There Is No Health Without Mental Health: The Middle East and North Africa

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Book Chapter

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Global Perspectives on Health Geography

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Al Qanun, the medical encyclopedia of Ibn Sina or Avicenna (CE 1037), devotes a whole section to mental illness. His focus on mental ill-health goes way beyond that of the earlier Greco-Roman scholars. Similarly, Ishaq Ibn Imran, an Arab Iraqi physician of the tenth century, is credited with writing the earliest existing treatise devoted entirely to depression. The Middle East and North Africa have, undoubtedly, made considerable contributions to the foundations of our knowledge concerning mental ill-health. A continuation of this focus, however, has never been more necessary. In recent decades, depression, anxiety, and eating disorders have all reached epidemic levels in many parts of the world, and the Middle East and North Africa – MENA – region has not been spared. Major depressive disorder (depression) is now a leading cause of disability globally, and this is also true for many MENA nations. Anxiety and other mental health disorders are also among the leading causes of disability for many MENA nations, significantly contributing to the region’s burden of disease. All of these psychological complaints have a relatively early age of onset, with some of the most substantial and recent increases in prevalence observed among adolescents. This chapter explores the regional research literature on adolescent mental health. Numerous search engines (ScienceDirect, PubMed, PsycInfo) were used for this scoping review, identifying relevant literature between the years 1970 and 2020 in MENA populations. It is, however, not the aim of this chapter to provide an exhaustive systematic review, but rather to highlight some of the literature that best tells the region’s unique story. The chapter pays close attention to depression and eating disorders – conditions which most typically begin in adolescence. The aforementioned conditions can become chronic and costly sources of disability and distress. The relatively youthful population is a reason why such mental health problems should be a priority for the region. This review highlights that and advocates for prevention as a key strategy.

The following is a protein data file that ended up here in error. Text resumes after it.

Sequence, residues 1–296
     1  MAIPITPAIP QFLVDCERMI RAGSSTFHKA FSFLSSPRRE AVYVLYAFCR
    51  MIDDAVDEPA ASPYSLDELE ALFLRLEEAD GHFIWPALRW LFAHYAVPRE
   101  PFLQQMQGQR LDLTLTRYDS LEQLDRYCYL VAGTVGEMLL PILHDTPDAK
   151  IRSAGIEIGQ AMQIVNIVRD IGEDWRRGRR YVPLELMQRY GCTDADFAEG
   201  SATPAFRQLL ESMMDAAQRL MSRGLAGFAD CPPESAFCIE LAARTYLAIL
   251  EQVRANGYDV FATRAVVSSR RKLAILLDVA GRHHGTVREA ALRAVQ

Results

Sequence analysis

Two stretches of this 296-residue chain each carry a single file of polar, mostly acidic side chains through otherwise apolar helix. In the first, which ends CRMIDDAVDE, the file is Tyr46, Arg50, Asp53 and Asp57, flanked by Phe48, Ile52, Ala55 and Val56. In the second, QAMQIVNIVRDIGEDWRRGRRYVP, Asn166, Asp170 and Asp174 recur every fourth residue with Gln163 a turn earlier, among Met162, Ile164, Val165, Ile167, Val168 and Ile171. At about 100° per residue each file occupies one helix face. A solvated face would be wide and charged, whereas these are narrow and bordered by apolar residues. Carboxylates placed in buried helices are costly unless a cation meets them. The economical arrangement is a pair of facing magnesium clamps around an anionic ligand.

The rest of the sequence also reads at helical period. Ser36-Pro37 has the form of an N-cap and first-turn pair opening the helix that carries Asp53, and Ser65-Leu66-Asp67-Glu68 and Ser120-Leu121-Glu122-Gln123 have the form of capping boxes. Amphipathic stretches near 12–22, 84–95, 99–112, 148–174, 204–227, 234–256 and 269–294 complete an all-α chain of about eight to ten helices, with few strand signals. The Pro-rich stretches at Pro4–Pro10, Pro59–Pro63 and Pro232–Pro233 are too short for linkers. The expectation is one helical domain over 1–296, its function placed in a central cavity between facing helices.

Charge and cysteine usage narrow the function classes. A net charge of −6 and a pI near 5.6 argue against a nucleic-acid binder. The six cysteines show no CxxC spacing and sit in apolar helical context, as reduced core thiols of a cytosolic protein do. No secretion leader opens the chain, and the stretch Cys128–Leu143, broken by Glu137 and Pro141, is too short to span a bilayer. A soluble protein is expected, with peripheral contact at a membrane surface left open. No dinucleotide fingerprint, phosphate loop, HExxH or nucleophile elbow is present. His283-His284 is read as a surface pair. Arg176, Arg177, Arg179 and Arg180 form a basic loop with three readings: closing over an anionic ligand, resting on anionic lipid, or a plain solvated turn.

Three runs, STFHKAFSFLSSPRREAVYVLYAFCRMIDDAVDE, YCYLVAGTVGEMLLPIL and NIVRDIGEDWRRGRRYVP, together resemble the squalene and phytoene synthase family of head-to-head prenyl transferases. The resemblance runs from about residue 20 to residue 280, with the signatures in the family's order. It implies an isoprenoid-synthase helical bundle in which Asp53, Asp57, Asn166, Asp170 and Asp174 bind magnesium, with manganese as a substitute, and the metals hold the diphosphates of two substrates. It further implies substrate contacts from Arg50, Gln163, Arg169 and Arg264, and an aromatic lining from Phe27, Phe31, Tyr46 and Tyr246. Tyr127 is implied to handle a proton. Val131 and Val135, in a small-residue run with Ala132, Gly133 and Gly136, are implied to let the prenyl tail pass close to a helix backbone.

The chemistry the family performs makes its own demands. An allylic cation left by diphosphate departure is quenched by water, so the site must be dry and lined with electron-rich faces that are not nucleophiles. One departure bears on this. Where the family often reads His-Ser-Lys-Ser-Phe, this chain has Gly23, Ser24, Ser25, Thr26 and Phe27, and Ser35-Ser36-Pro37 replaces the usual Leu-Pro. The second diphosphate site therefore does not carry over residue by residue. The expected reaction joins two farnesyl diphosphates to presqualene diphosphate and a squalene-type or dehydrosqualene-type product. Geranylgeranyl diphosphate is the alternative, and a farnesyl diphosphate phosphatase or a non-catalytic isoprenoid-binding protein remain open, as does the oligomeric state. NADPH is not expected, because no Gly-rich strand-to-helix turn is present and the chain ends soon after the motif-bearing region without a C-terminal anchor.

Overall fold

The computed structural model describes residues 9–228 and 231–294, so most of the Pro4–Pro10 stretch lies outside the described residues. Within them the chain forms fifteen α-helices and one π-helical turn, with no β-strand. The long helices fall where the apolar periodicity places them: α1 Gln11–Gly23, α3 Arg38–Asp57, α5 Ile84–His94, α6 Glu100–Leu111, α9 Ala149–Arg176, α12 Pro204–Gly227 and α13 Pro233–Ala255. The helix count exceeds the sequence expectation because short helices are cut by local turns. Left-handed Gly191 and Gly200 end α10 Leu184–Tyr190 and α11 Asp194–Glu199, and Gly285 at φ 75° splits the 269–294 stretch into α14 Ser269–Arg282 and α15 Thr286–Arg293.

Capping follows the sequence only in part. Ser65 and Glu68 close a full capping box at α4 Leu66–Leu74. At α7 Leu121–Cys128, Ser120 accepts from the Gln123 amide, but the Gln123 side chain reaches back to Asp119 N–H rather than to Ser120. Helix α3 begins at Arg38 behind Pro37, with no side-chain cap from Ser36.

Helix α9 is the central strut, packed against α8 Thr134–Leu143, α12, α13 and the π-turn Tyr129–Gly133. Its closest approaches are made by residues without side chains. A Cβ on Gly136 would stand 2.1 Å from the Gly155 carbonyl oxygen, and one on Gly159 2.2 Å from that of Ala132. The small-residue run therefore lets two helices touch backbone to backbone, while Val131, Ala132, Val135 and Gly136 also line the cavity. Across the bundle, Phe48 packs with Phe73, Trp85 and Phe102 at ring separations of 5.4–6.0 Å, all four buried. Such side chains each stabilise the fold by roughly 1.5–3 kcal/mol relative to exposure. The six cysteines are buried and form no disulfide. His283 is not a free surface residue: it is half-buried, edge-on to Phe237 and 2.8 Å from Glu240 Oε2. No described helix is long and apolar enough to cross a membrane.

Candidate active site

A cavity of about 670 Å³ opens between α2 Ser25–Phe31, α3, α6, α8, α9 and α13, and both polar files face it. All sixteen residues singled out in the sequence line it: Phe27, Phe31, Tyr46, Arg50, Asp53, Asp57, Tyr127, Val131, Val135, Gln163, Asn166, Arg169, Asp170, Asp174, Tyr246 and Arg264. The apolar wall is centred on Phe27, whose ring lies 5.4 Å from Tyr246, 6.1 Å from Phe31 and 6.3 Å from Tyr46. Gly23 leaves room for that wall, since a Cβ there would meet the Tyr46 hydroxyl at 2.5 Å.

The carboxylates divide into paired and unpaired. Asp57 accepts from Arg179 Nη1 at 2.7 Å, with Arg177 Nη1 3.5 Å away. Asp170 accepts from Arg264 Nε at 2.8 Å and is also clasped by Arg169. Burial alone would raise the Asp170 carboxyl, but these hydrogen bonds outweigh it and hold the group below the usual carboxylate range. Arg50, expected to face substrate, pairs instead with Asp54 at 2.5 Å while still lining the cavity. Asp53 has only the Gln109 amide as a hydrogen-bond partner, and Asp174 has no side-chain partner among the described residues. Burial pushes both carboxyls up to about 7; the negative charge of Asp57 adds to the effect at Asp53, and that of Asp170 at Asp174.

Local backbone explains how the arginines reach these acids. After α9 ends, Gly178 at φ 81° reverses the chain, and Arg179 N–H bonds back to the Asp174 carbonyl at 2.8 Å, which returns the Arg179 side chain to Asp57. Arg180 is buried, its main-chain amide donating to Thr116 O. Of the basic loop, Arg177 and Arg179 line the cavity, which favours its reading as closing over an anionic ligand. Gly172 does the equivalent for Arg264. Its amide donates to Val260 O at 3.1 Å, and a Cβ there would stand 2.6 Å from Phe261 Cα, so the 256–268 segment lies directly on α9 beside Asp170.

Springer International Publishing

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Medicine and Health Sciences

Indexed in Scopus


Open Access